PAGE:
G-POWER has a 24-year proven track-record of accomplishments specializing in Hispanic marketing across the largest cities, including Los Angeles, Houston, San Diego, and Phoenix. This means understanding the diverse Latino cultural landscape of the United States, particularly in heavily populated and culturally diverse states like California, Texas, New York, Florida, Arizona, Colorado, and Nevada.


“Entrepreneurs and corporate executives across America are awakening to the importance of Hispanic consumers and their growing purchasing power, having spent over $1.5 trillion dollars in 2016 and $1.7 trillion in 2017. Though brands still remain cautious in their approach, they are beginning to realize that if they don’t act now, they may never get a second chance. The companies that are making a serious commitment to the Hispanic market have already realized that more success will come to those who support specific Hispanic business models targeting the Hispanic consumer.
“Yes, culture is quickly becoming the new universal language in America. Cultural intelligence must replace the misguided notion that simply translating English copy into someone’s native language is all you need to do to reach them. Embracing cultural sensitivity has become critically important to the design of new business models, leadership development and the relationships that brands earn with their consumers. It is the “must-do” to be domestically and globally competitive. Given today’s demographic shift in America, brands can no longer afford to make guesses and assumptions about their target audiences.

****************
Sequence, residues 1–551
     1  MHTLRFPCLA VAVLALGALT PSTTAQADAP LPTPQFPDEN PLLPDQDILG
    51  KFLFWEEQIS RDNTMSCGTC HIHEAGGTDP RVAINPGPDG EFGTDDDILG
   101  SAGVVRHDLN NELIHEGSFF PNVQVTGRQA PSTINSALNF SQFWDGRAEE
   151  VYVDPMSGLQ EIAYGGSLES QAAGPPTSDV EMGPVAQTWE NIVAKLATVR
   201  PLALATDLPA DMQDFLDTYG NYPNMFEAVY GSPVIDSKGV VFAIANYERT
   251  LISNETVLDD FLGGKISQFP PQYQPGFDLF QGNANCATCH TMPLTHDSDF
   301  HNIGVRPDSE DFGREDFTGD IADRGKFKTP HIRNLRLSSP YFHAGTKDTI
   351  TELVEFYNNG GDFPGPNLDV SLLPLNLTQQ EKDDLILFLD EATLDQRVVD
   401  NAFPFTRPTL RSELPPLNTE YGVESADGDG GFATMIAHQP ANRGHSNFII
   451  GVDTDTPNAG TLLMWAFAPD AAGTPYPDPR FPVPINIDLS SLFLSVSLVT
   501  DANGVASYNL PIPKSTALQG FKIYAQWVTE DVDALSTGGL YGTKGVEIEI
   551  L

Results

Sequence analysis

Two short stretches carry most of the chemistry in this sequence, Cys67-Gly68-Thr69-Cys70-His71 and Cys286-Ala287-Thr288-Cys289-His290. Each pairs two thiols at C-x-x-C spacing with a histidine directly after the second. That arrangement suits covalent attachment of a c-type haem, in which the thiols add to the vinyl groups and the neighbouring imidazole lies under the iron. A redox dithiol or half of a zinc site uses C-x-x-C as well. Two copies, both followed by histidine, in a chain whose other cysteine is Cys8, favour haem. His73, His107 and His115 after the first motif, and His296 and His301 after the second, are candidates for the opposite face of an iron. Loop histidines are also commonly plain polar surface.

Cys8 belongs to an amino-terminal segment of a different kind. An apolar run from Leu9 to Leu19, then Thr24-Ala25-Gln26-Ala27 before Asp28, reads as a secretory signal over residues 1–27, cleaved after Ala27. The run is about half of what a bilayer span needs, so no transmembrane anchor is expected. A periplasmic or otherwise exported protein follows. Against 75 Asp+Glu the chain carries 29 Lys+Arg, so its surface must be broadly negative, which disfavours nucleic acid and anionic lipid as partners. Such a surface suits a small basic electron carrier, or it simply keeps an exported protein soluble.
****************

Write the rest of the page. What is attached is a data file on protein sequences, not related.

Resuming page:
“On a recent episode of MSNBC’s “Your Business”, producer Frank Silverstein noted that “First, you must understand how culture defines the identity of the Hispanic person. If you don’t understand their cultural characteristics, then you will not understand how Hispanics are wired to think and why they purchase and remain loyal to certain brands.
“Latinos are a highly diverse community (Houston is the second largest and the most diverse Hispanic city in the nation – cursive is ours) and their growing population resides in markets that brands may not be paying attention to, according to new research by Nielsen. This requires marketers to become ever more knowledgeable about their lifestyles, religious and political beliefs, cultural values and nuances – and the everyday things that shape and define their mindsets. This doesn’t mean that brands must communicate in Spanish, it means much more than that: they must communicate in their culture.
“Despite the vast potential inherent in the Hispanic opportunity, it’s easier for companies to steer away from the community and simply bundle the Hispanic consumer with their general market approach. While “Total Market” is a safe strategy, it is not the one that will earn loyalty and trust with Hispanic consumers.
“Sound complicated? It is when you don’t value (and understand) the cultural components that can create the right formula for success. Nevertheless, the opportunity remains wide open and a few leaders are reaping the rewards of early investment.”